Packed with protein and ingredients to keep hunger at an arm’s length, peanut butter has been a long-time family favorite, especially with moms and kids. In the last few years, a debate around the health benefits of natural peanut butter versus regular peanut butter has begun. Is peanut butter marked “natural” actually better for you, or just marketed to an audience trying to go the organic route?
Using Social Radar, we see that online conversation around both types of peanut butter turns up about 4.7 million posts in the last year. Within this huge amount of social data, there are a few topics that stick out: protein, health, and price. We found that while dialog around regular PB is higher than its natural counterpart, people talking online think natural peanut butter is the healthier of the two.
When looking into which variety has more protein, 40 percent of conversation around natural peanut butter mentions protein, compared to 18 percent of conversation around regular peanut butter. Natural PB comes out on top with the topic of overall health as well. Sixty-seven percent of posts about natural PB are around the topic of health, compared to 59 percent of posts about regular peanut butter.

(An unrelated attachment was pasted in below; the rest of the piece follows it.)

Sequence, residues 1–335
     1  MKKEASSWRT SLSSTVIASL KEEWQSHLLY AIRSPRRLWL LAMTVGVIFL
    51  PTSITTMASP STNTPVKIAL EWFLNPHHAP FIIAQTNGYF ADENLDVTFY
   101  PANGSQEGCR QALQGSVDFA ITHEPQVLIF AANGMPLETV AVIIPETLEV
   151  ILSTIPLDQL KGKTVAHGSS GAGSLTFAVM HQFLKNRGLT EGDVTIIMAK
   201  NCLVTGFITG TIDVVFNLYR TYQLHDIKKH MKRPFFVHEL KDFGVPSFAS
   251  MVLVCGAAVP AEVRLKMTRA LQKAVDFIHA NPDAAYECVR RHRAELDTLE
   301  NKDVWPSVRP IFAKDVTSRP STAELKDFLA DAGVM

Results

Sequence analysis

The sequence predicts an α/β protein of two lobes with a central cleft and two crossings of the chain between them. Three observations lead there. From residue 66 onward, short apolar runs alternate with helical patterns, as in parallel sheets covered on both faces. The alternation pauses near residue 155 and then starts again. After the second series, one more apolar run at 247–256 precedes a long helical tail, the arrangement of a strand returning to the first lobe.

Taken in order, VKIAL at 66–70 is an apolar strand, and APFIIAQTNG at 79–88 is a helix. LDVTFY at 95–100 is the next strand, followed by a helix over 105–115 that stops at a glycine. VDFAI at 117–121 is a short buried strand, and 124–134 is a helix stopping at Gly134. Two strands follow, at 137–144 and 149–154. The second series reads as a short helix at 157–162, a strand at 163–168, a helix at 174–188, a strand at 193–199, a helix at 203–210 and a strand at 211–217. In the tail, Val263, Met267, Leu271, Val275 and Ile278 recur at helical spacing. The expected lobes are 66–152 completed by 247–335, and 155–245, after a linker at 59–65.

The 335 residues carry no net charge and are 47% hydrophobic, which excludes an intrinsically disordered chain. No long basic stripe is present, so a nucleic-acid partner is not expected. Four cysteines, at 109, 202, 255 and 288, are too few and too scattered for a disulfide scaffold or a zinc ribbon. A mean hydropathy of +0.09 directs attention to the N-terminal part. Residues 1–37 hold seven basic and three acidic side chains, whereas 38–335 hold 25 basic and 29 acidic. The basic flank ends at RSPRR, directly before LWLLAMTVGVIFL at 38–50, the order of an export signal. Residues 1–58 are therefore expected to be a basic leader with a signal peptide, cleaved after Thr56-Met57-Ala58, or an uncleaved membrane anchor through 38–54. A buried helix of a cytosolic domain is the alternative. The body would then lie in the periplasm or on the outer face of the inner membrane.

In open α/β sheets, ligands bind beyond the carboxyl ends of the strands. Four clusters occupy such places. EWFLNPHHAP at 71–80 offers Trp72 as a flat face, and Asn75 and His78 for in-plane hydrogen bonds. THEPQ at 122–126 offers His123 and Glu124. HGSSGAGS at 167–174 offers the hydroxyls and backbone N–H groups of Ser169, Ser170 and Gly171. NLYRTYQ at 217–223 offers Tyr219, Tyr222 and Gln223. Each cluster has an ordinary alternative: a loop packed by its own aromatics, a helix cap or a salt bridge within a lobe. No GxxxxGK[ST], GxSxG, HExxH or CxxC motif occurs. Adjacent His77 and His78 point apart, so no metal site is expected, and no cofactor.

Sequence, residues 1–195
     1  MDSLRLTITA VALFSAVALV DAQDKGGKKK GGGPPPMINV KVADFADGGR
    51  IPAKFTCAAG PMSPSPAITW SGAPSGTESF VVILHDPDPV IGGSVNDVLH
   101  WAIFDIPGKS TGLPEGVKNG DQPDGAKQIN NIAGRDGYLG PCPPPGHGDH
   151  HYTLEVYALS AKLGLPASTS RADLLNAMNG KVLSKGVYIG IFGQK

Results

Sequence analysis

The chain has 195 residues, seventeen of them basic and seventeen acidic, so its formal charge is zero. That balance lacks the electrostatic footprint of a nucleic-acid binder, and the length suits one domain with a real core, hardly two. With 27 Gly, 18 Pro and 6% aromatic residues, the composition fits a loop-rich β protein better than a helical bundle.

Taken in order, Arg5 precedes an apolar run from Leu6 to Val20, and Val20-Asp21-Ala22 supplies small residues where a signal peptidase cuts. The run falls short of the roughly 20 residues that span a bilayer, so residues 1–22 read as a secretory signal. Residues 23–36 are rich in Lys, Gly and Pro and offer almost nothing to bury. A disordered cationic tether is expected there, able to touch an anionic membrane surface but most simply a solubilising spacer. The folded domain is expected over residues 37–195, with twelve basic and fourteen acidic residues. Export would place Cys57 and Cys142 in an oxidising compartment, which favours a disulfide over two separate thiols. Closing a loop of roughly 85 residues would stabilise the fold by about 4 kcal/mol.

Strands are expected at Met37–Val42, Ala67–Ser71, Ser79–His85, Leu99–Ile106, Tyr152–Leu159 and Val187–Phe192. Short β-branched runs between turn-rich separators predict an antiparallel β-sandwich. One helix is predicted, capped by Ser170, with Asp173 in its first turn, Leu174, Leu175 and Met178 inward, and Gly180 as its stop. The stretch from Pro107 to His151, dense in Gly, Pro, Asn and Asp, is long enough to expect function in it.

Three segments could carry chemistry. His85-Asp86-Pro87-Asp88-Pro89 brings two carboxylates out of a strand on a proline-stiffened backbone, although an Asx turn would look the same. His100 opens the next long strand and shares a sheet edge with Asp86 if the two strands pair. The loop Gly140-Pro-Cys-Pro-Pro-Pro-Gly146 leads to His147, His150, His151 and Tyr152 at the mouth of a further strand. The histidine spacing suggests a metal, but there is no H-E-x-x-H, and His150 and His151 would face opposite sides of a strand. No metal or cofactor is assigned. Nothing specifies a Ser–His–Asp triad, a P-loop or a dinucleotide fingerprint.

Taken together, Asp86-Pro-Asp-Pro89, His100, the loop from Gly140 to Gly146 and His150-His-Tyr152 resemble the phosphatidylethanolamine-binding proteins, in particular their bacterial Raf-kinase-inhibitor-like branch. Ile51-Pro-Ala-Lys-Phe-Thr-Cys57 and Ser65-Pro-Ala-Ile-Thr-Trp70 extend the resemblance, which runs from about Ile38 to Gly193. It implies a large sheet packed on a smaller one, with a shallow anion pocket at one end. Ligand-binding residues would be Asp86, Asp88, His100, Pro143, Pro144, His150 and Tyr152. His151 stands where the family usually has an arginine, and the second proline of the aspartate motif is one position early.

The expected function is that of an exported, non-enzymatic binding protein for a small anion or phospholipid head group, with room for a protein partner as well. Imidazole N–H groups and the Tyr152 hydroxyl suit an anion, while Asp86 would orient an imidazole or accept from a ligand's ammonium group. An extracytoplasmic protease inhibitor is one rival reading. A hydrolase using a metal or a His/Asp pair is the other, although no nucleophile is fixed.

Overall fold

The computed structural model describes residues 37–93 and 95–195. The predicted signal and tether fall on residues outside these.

When it comes to the price, regular PB takes the cake as the cheaper option with four percent of conversation discussing the concept of cost, as opposed to 12 percent surrounding natural peanut butter.
From this social data, we see people talking online perceive natural PB as the healthier, more expensive option, with a higher protein content. So, is this true? Not necessarily.
Dr. Dale Brigham, Teaching Associate Professor of Nutrition & Exercise Physiology at the University of Missouri, says depending on the brand of peanut butter, the amount of calories, protein, vitamins, and minerals is most likely equivalent for both products. He says the health difference lies in the trans fats.
“Trans fats do the “double whammy” of increasing heart disease risk by lowering HDL, the good cholesterol, and raising LDL, the bad cholesterol,” says Dr. Brigham. “Even if regular peanut butter has a label that states “zero grams trans fat,” it can contain up to 0.5 grams of trans fats per serving (rounded down to zero on the food label).”
Because nutritionists recommend consuming zero trans fats, Dr. Brigham says natural peanut butter is generally healthier overall than regular peanut butter. Regular (hydrogenated) peanut butter also has more saturated fats than natural peanut butter, which may increase LDL cholesterol and heart disease risk.
So, the next time you head to the grocery store for some PB, Dr. Brigham suggests comparing the nutrition labels because every brand is different.
Infegy is a market research company headquartered in Kansas City, MO dedicated to analyzing public opinion about a variety of subjects, issues and events so businesses can better understand consumers.